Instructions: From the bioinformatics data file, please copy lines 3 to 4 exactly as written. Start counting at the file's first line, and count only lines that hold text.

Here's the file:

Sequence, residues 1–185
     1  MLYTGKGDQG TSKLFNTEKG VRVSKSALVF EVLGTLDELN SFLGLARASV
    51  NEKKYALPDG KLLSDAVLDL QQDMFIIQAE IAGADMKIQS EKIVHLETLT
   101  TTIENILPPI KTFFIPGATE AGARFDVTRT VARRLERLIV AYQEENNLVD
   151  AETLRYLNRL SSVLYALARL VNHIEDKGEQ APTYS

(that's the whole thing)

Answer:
    51  NEKKYALPDG KLLSDAVLDL QQDMFIIQAE IAGADMKIQS EKIVHLETLT
   101  TTIENILPPI KTFFIPGATE AGARFDVTRT VARRLERLIV AYQEENNLVD